These past few years, the
government made Corrupt Practices Act ("FCPA") enforcement a priority
and the number of cases has increased dramatically. Heightened enforcement of
the FCPA is a growing concern for companies engaging in mergers, acquisitions
and joint ventures involving non-U.S. entities. This article focuses on ten key
issues that any acquiror should consider in light of potential FCPA liability
in M&A transactions and joint ventures.
Congress enacted the Foreign
Corrupt Practices Act ("FCPA") in 1977 in an effort to curb bribery and
illicit payments by U.S. companies to foreign officials. During the first two
decades of the FCPA's existence, the SEC and DOJ rarely brought cases under the
statute. In the past few years, however, the government has made FCPA
enforcement a priority. The sheer number of cases brought under the FCPA has
increased dramatically-from just one or two per year in the 1980s to more than
one hundred between 2007 and 2009.
In addition to the growing number of cases brought under the FCPA, government
enforcement of the statute has become far more aggressive. Recently, the SEC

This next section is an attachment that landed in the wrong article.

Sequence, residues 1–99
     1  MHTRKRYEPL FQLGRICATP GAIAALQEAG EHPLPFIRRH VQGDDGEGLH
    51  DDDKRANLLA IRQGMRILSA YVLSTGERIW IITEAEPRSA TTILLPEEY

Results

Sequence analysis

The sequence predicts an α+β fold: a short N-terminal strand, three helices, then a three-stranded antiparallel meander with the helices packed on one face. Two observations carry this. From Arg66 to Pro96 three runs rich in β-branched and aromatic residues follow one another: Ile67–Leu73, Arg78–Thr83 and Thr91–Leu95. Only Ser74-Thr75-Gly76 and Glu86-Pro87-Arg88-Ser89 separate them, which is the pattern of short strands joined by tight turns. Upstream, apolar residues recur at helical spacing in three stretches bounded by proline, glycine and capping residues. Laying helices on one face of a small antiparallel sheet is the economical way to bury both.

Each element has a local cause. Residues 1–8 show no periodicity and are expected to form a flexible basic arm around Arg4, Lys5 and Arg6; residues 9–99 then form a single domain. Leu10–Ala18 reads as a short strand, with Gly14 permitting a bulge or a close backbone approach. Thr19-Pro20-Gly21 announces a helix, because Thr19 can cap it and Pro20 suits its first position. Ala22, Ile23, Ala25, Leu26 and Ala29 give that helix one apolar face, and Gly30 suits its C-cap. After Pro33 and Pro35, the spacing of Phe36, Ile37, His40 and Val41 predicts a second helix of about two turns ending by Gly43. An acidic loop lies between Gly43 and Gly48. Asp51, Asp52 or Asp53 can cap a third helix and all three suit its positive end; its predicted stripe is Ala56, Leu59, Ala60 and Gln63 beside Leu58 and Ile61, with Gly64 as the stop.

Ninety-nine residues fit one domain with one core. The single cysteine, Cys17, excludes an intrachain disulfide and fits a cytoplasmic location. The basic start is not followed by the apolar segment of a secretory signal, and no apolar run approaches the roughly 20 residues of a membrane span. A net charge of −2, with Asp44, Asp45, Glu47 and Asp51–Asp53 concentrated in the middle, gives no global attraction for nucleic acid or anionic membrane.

created a specialized unit focused exclusively on FCPA enforcement, and the DOJ
has started working with an FBI squad dedicated to FCPA investigations. The
government has also stepped up efforts to encourage self-disclosure. The
Dodd-Frank Act, enacted in July 2010, includes a provision that allows the SEC
to give whistleblowers up to 30% of certain monetary sanctions awarded in
successful securities enforcement actions, including actions under the FCPA.
Heightened enforcement of the FCPA is a growing concern for companies engaging
in mergers, acquisitions and joint ventures involving non-U.S. entities. Such
transactions involve many challenges that may implicate the FCPA. Buyers must
navigate different cultures, unfamiliar legal systems and situations in which
transparency is limited. Given recent trends in FCPA enforcement, the danger of
successor liability in these situations is extraordinarily high. In addition,
as evidenced by the many non-U.S. companies recently charged with corruption
under the FCPA, enforcement is not limited to U.S. companies. Related issues
may also arise under the U.K. Bribery Act.
To avoid liability, companies pursuing M&A or joint venture transactions
involving non-U.S. entities must perform increasingly thorough due diligence.
Buyers should also protect themselves through negotiation of contractual
remedies. This article focuses on ten key issues that any acquiror should
consider in light of potential FCPA liability in M&A transactions and joint
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